Historians are a bit like detectives. They sift through evidence, weigh it, and try to leave no stone unturned.
But when they publish their results, they’re a bit like lawyers. They need to be objective enough to gain the credibility of the judge and jury, but they are still advocating. They back up their historical observations with evidence and try to draw new conclusions.
In the following guest blog, historian Shelby Harriel uses the same analogy as a springboard into her research into women Civil War soldiers. Those female warriors were actually committing a crime. They also violated the norms of Victorian society. Because of that they covered their tracks and concealed their true identities. Sometimes the army even destroyed the evidence if they were caught.
That makes women Civil War soldiers hard to research. But their contributions to the war were invaluable; the research adds a new layer of understanding to Civil War history. Shelby Harriel is writing a book on women Civil War soldiers. I met her online, through her fascinating blog, Forbidden, Hidden, and Forgotten: Women Soldiers of the Civil War, and invited her to write a guest blog. You can read more about Shelby and her book below.
Here’s Shelby Harriel with her guest blog:
I was delighted to meet Ann Marie recently. As bloggers, researchers, and writers, we share similar experiences. We also share a love of history. So I was extremely honored when she asked me to contribute a guest post. Beyond the aesthetically pleasing nature of her blog, Ann Marie has some very interesting content among her writings, most of it dealing with true crime. It made me think of how I, as a historian, am like a detective in my search for women soldiers of the American Civil War, 1861-1865.
Hundreds, perhaps thousands, of women disguised themselves as men and fought in the Civil War. We’ll never know exactly how many there were.
Victorian society was strictly defined. Women were supposed to be passive and remain in the domestic sphere. They were expected to create life, not take it. Therefore, the government did not allow Victorian women to serve in the military. War was the domain of men.
Clothing defined the genders. Women did not wear pants. Doing so resulted in imprisonment and/or a fine, not to mention the shame that discovery would bring themselves and their family.
So when women traded in their hoop skirts for army trousers, not only did they defy the morals and mores of the times, which was unacceptable behavior, they were also breaking the law.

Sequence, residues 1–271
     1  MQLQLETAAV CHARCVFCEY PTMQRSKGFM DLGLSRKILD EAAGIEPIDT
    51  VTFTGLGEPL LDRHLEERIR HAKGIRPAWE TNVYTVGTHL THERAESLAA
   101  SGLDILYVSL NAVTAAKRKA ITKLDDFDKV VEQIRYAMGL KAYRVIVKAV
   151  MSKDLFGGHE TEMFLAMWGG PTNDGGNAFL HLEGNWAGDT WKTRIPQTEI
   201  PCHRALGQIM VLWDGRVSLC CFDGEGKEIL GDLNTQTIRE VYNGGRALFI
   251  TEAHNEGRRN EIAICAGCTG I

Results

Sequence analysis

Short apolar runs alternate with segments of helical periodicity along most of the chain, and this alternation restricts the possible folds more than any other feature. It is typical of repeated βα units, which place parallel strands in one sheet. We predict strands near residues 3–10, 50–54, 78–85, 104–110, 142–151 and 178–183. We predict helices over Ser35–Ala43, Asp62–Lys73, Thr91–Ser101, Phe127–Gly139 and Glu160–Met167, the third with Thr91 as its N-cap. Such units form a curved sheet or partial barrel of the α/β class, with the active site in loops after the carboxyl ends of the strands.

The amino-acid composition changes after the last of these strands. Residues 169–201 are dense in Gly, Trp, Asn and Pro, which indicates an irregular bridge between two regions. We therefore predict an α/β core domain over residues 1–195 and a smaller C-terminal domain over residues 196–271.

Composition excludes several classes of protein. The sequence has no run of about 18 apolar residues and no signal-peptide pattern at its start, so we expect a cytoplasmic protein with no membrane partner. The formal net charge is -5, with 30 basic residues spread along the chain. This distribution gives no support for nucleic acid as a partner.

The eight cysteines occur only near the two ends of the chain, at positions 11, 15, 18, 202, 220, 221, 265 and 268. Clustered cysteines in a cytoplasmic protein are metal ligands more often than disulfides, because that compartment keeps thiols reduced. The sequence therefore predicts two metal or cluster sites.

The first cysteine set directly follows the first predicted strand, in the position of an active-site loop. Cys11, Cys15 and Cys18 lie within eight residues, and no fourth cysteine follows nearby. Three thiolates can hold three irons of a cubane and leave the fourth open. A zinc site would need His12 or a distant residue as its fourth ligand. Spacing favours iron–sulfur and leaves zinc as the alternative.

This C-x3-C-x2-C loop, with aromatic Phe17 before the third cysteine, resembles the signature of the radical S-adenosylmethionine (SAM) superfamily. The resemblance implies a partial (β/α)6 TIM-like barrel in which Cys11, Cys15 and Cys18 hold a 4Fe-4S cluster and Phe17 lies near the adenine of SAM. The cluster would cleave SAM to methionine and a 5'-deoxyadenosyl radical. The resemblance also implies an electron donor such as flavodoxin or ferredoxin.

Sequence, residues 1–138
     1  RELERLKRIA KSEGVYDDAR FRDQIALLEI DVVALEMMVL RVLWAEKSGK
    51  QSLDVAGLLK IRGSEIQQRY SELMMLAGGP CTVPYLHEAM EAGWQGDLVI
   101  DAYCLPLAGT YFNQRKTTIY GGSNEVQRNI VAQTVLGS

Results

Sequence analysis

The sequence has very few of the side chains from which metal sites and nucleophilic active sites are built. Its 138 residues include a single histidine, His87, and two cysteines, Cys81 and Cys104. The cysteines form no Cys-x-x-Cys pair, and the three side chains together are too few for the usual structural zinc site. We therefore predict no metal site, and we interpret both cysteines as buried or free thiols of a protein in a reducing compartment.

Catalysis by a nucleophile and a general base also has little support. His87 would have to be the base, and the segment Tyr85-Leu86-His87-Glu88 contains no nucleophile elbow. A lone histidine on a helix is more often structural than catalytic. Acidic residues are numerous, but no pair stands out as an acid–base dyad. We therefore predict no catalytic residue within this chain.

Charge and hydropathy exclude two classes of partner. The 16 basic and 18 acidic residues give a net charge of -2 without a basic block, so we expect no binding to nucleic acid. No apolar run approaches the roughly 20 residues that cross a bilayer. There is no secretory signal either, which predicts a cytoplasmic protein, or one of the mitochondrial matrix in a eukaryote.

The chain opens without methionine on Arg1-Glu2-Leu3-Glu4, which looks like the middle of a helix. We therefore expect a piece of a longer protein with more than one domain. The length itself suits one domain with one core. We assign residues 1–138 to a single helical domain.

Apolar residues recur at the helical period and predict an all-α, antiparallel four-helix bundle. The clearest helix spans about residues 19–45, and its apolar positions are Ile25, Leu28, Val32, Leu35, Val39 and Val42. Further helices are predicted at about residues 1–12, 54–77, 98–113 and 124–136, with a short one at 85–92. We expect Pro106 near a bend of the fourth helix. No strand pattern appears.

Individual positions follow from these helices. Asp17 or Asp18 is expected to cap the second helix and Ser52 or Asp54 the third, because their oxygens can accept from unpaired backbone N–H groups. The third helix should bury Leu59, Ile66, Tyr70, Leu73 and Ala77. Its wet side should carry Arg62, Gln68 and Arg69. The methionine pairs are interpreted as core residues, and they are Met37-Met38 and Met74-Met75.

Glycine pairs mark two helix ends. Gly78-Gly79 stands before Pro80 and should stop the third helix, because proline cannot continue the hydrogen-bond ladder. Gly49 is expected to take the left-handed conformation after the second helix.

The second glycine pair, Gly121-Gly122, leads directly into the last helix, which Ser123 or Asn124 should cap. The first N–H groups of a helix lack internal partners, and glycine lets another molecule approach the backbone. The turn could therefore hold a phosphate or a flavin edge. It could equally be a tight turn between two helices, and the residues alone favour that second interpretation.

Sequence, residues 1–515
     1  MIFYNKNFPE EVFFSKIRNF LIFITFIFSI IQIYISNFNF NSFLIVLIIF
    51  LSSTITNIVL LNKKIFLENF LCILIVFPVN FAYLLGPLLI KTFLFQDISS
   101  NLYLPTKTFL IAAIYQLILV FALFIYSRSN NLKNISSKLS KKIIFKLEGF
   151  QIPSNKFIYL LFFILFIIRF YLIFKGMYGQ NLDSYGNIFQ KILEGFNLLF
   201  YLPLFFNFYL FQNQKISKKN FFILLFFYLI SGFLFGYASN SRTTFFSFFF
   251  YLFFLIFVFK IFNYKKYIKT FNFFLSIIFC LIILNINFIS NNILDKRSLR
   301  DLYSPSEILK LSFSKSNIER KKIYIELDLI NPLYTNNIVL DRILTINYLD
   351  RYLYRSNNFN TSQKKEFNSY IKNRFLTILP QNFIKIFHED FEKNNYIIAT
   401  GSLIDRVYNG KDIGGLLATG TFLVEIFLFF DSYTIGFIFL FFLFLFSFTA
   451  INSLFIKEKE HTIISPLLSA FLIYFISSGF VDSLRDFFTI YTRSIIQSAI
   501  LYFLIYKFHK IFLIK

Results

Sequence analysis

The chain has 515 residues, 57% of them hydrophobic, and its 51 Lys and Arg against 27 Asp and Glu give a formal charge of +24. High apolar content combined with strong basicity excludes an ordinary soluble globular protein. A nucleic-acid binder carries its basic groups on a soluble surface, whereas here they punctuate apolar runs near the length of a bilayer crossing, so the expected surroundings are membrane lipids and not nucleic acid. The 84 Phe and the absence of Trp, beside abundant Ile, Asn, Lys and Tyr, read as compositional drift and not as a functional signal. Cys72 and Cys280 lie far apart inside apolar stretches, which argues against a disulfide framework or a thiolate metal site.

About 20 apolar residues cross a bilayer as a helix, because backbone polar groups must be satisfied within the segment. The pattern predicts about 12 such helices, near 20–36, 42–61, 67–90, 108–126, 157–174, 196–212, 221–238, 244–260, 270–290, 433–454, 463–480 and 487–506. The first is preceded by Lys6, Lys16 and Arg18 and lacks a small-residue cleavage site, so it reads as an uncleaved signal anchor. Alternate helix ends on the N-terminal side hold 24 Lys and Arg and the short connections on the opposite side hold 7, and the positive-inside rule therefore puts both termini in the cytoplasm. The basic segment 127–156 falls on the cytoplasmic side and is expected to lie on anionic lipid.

It is difficult to think of these women Civil War soldiers as criminals, especially since many of them made the ultimate sacrifice and lie buried in graves right next to the men with whom they served. But, by definition, women soldiers were committing a crime. (And so were the hundreds of thousands of boys under 18 years old who lied about their age in order to fight.)
The Crime Scene
Women are reported to have fought in every major battle of the American Civil War. They were there from the beginning to the end.
The Motives of Women Civil War Soldiers
Why would these women risk their reputation and lives for a society that did not desire their service? There were several reasons. A majority of them enlisted in order to avoid being separated from a loved one. Others were trying to escape an oppressive situation. Economic factors drove some women. Disguised as men working in masculine-only professions, they could make more money than they ever could in the few jobs available to Victorian women. Patriotism motivated some women to enlist while others were simply seeking adventure, not unlike their male counterparts. Love, fear, money, duty…motives common to any good mystery story.
Civilians, common soldiers, high-ranking officers, and even well-known generals bore witness to women serving in the military during the Civil War.
Documentation is the backbone of any historian’s arguments. The same goes for a criminal investigator. Without supporting evidence, there is no case. And sometimes, acquiring this evidence and documentation is challenging. Just like investigators of a criminal case, researchers who delve into the topic of women Civil War soldiers must overcome the obstacle of subterfuge. In order to serve in the military, these women had to disguise themselves. They cut their hair short, wore clothes that Victorians weren’t accustomed to seeing them wear, and assumed an alias. (Some men did this, too….enlisted under an alias that is.) When discovered, some women soldiers not only told newspaper reporters the wrong male aliases they used, but they sometimes provided a false feminine name, if any at all. Remember, it wasn’t that difficult for Victorians to assume a new identity. They didn’t have birth certificates or forms of identification.
How does one find an individual who doesn’t want to be found?
Chasing phantom identities
Before anyone may choose to venture into this realm themselves, I would suggest purchasing a box of hair color to hide the gray hair that will be infesting your head. Eat chocolate. And develop an exercise regimen to relieve the stress. Eat more chocolate and understand that you’re not going to find all of the answers.